Climate Change is a Moral Issue 
A Buddhist Reflection on the Pope's Climate Encyclical, Laudato si'

By Venerable Bhikkhu Bodhi

Pope Francis

On June 18, Pope Francis issued an encyclical letter, Laudato si’ (Praised Be), “On Care for our Common Home,” pointing to climate change as the overriding moral issue of our time. The encyclical boldly proclaims that humanity’s capacity to alter the climate charges us with the gravest moral responsibility we have ever had to bear. Climate change affects everyone. The disruptions to the biosphere occurring today bind all peoples everywhere into a single human family, our fates inseparably intertwined. No one can escape the impact, no matter how remotely they may live from the bustling centers of industry and commerce. The responsibility for preserving the planet falls on everyone.

The future of human life on earth hangs in a delicate balance, and the window for effective action is rapidly closing. Tipping points and feedback loops threaten us as ominously as nuclear warheads. What heightens the danger is our proclivity to apathy and denial. For this reason, we must begin tackling the crisis with an act of truth, by acknowledging that climate change is real and stems from human activity. On this, the science is clear, the consensus among climate scientists almost universal. The time for denial, skepticism, and delay is over.  READ MORE ON OUR BLOG>>

Love and Compassion in Meditation and in Action

By Venerable Bhikkhu Bodhi

Venerable Bhikkhu Bodhi

Love and compassion are qualities essential to our stature as true human beings, and jointly might be considered the capacities that most distinguish us from the animals, except that animals sometimes display more kindness towards one another — and towards people — than we do. In the teachings of the Buddha, love and compassion are regarded as the foundation of ethics and important criteria of right speech and right action. They are also qualities to be developed by meditation. The Buddhist texts call love and compassion brahmavihara, divine abodes, for they manifest our inherent divinity even while we dwell in a human body. For Buddhism love and compassion should be balanced by wisdom, insight into the real nature of things, which alone can permanently eradicate the mental defilements that bind us to samsara, the round of bith and death. MORE – in both English and Chinese >

Like Moths Circling a Flame

Climate Change and the danger to the World's Food Supply

By Venerabe Bhikkhu Bodhi

The threat of climate chaos is the overarching issue of our time. To avoid a disruption to the world’s food supply, we must make far-reaching changes in agriculture and energy production. But we must also make changes in consciousness. The question we face is whether we’ll make the necessary changes in time.

Industrial Agriculture

A short sutta in the Udāna (§59) opens when the Buddha is sitting outdoors on a dark night while oil lamps are burning in front of him. Many moths are circling around the lamps and some fly straight into the flames, where their bodies are burnt to a crisp. The Buddha then utters an “inspired exclamation,” declaring that like the moths, people who are “attached to forms and sounds” head straight for their own destruction.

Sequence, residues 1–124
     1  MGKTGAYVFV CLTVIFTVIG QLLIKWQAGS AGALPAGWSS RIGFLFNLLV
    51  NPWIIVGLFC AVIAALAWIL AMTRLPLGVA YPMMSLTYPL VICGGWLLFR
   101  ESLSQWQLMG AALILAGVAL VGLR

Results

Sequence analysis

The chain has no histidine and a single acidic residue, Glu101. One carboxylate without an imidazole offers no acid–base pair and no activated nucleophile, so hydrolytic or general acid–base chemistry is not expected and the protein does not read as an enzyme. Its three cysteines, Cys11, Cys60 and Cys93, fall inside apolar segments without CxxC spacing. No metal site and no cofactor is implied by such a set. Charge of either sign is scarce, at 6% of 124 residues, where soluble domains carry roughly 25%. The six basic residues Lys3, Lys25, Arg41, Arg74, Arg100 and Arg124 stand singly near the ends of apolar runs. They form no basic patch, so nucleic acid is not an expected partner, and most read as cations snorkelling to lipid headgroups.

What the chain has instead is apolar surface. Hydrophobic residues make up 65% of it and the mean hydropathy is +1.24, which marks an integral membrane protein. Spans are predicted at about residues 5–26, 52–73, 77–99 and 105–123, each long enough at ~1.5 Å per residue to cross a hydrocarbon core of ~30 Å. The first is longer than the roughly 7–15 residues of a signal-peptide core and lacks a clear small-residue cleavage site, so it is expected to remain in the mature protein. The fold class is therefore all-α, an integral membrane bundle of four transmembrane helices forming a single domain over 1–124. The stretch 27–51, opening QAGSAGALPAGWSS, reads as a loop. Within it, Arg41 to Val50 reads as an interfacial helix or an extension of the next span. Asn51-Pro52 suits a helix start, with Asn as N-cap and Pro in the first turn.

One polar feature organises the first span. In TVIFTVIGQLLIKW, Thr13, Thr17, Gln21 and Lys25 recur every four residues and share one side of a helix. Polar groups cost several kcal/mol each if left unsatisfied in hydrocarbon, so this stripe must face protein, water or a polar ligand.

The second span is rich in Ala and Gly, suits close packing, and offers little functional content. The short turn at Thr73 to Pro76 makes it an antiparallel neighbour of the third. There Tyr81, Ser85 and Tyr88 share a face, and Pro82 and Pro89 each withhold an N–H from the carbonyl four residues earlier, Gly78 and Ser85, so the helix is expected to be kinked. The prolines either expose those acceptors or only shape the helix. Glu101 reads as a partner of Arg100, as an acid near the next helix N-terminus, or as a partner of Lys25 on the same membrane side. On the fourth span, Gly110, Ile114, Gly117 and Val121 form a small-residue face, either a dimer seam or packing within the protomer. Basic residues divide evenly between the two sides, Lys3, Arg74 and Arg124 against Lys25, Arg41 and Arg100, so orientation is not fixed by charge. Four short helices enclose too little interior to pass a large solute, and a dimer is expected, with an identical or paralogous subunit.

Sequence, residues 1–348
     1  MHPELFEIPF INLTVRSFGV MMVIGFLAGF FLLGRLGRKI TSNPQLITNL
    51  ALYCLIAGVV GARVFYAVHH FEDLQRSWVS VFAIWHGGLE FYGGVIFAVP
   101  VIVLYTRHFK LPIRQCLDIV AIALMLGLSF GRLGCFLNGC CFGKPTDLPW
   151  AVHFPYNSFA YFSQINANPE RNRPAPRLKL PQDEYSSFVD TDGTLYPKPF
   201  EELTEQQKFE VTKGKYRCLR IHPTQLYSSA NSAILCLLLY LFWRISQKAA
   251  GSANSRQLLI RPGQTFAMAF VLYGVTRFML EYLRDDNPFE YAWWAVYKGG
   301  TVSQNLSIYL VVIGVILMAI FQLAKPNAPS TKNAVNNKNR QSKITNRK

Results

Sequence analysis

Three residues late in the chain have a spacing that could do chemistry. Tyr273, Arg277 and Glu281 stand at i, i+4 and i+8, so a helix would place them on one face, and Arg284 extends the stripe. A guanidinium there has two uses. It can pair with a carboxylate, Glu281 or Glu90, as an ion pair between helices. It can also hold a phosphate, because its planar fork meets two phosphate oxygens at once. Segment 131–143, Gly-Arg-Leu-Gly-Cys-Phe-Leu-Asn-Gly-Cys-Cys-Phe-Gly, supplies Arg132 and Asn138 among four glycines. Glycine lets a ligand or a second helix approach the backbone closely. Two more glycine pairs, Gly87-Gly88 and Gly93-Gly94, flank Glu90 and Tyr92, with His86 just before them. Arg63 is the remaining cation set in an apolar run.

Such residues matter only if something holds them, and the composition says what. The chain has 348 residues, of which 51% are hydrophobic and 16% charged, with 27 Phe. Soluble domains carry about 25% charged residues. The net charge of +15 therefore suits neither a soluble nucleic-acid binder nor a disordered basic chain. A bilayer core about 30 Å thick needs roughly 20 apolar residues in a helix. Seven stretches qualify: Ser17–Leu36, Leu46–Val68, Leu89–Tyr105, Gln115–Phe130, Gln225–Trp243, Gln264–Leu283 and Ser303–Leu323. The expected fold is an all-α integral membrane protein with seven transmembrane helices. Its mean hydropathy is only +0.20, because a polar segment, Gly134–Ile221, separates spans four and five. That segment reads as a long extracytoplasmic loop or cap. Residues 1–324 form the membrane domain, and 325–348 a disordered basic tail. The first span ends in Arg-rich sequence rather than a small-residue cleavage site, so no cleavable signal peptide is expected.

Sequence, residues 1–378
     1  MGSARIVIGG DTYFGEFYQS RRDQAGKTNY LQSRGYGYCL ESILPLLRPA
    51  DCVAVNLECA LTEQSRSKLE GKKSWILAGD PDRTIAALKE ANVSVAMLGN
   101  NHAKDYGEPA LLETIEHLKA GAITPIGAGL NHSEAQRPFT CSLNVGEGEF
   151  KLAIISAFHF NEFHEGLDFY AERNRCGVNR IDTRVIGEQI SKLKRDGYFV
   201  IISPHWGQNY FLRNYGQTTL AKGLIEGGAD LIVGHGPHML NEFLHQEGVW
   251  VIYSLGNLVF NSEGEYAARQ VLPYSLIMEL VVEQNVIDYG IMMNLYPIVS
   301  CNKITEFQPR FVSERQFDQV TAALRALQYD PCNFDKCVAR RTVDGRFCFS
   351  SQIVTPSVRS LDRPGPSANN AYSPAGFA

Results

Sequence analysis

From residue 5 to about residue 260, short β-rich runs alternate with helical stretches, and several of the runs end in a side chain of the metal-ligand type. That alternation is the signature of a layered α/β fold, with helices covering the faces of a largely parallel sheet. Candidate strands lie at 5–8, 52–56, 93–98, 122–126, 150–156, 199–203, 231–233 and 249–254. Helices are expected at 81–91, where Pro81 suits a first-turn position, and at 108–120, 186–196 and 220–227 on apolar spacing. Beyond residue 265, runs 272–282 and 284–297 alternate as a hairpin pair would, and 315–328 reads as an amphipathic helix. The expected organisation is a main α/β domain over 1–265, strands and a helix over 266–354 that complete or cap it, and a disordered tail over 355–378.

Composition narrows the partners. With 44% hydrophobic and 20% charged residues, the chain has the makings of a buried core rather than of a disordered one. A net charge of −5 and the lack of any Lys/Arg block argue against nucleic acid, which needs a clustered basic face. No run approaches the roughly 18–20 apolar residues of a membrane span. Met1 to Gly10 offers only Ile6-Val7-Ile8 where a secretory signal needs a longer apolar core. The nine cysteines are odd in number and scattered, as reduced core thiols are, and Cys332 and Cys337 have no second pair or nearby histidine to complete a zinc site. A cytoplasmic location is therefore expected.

This short sutta can be read as a parable for our global climate crisis, with the image of people heading for destruction expanded to planetary proportions. Seeking continuous economic growth, we pump ever more carbon emissions into the atmosphere, putting our common future at risk. The danger to the moths circling the Buddha’s lamp was not external but came from their instinctual attraction to the flames. The big question each moth must have faced was whether it would turn back before it was scorched by the flames. The big question we must face is whether we will change direction before we fly into our own flames.

තවත් කියවන්න: Like Moths Circling a Flame

The Great Turning

A Conversation between Joanna Macy and John Robbins

John Robbins and Joanna Macy, who have been friends for thirty years, are both crusaders for a life-sustaining world. In this conversation, both intimate and visionary, they explore ways they have continued over the years to move and inspire each other. John Robbins is a leader in the movement to reclaim healthy and abundant food for all. He is the author of the international bestseller Diet for a New America, and with his son, Ocean Robbins, The Food Revolution: How Your Diet Can Help Save Your Life and Our World.  Eco-philosopher Joanna Macy is an author and a scholar of Buddhism, general systems theory, and deep ecology. Her most recent title, with Molly Brown, is Coming Back to Life: The Updated Guide to the Work That Reconnects. In June 2014, Inquiring Mind editors Barbara Gates and Wes Nisker joined Joanna Macy in her home in Berkeley, California, for this uplifting exchange with John Robbins, who participated by phone. These excerpts, from Inquiring Mind, Fall 2014, are used with permission of the publisher and of John Robbins and Joanna Macy.